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SKU: 0009

We all know Stalin, or at least we think we do. The story of the Georgian student priest who grew up to be one of the 20th century’s most notorious mass-murderers is endlessly fascinating and frequently retold. Yet the man himself remains an enigma, dubbed by some as ‘history’s greatest butcher’ and remembered fondly by others as the visionary leader who defeated Fascism.


Drawing on a range of recent histories, Claire Shaw offers a new portrait of the dictator. She argues that Stalin was both the architect and the product of a violent revolutionary moment: only by considering both the man and his era can we begin to understand the horrors, and the problematic legacy, of his decades in power.


    Author: Claire Shaw

    ISBN: 9781911187899

    Number Of Pages: 128

    Publisher: Connell Publishing

    Release Date: 2018-10-18

    EAN: 9781911187899


    Claire Shaw graduated in Modern and Medieval Languages (Russian and French) from the Uni- versity of Cambridge in 2005, then moved to the School of Slavonic and East European Studies, Univer- sity College London, to take an MA and PhD in Russian and Soviet history. A lecturer at the University of Bristol, she has written extensively about the Soviet Union.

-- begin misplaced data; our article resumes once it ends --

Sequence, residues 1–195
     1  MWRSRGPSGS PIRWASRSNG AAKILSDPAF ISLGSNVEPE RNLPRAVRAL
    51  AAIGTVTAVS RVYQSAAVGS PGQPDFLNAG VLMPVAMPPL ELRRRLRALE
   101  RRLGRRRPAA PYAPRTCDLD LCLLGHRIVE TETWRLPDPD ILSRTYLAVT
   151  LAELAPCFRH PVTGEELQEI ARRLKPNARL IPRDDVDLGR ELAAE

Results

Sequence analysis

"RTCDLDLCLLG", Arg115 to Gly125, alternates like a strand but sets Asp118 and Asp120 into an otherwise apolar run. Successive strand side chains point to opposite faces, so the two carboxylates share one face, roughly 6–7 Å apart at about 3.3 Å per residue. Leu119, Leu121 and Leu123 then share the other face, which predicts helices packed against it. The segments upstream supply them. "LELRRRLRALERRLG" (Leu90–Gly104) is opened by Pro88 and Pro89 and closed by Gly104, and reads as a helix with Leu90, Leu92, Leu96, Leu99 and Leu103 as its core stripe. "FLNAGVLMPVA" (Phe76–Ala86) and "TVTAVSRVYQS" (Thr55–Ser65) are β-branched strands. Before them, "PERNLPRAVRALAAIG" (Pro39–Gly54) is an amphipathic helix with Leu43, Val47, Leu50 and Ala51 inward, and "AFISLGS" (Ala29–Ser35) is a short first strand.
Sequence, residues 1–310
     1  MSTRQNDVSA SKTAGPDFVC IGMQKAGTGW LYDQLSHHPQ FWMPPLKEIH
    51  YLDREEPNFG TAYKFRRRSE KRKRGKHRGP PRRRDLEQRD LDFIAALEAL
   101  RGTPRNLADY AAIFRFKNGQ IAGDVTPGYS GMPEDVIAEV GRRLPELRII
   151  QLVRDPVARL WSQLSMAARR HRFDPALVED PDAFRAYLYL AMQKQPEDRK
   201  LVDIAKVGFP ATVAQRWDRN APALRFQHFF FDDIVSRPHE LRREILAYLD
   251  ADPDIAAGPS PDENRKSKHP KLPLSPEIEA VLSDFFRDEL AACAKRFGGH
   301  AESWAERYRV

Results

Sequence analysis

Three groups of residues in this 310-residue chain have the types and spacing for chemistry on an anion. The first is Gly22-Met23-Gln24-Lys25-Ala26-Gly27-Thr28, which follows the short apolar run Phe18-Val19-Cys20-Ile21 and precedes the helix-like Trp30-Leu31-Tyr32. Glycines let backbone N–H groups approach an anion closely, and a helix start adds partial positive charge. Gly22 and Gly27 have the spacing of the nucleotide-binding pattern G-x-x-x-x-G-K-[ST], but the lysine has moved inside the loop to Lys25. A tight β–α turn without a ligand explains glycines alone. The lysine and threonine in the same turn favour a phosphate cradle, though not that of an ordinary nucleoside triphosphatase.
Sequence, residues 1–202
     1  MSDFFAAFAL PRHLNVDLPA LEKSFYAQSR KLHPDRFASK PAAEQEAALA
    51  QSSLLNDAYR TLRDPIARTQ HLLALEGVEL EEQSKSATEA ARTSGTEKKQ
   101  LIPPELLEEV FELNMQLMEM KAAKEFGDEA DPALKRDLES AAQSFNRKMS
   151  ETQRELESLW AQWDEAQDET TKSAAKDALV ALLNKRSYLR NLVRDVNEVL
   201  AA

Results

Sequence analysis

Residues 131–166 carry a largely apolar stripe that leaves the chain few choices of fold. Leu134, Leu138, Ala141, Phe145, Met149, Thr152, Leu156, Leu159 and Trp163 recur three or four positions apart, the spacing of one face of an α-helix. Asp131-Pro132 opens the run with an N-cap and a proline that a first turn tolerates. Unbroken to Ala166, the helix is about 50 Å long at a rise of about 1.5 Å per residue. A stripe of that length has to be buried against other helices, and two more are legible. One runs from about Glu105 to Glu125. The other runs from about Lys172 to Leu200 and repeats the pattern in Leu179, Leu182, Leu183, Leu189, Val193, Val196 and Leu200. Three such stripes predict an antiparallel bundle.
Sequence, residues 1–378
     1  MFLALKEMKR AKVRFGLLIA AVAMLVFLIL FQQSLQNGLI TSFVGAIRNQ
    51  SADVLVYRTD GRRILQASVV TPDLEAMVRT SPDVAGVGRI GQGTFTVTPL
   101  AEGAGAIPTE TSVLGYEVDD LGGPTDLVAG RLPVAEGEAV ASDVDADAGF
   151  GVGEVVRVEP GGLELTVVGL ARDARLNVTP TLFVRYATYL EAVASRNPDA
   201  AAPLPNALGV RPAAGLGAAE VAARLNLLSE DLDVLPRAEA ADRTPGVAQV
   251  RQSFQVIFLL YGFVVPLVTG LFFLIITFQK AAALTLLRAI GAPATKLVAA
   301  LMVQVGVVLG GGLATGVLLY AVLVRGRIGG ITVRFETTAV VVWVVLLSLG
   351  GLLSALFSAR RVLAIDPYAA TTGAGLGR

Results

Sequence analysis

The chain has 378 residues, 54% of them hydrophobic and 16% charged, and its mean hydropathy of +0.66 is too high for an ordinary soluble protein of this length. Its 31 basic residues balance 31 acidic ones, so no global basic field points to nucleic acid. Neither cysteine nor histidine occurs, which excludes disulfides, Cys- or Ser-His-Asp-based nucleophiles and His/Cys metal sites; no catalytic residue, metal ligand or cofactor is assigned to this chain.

Stalin, to borrow Churchill’s phrase, is “a riddle wrapped in a mystery inside an enigma”. There are still heated arguments about how precisely we should judge the Georgian student priest who grew up to be one of the 20th century’s most notorious mass-murderers. This owes much to the enormity of the crimes, as Claire Shaw says in this short but chilling book about the man and the political system that developed under his rule: Stalinism. (Very few political regimes have been personalised in such a way Nazism does not bear the name of Hitler, for example). What visions underpinned his actions? What mechanisms enabled him to commit his crimes? Why did nobody stop him? Within Stalin’s lifetime, Russia and her neighbours endured a series of violent revolutions, two world wars, the forced collectivisation of agriculture, a major industrialisation drive, and the violent cataclysms of the Purges. A vast social experiment was launched radically to remake the nature of human society on the basis of equality and the redistribution of wealth; its implementation resulted in a violent and coercive regime that had little respect for human life or the natural world. But it is too easy to dismiss Stalin simply as a monster. Too easy and wrong. What is most chilling about Stalin, as this book shows, is that he was all too human.

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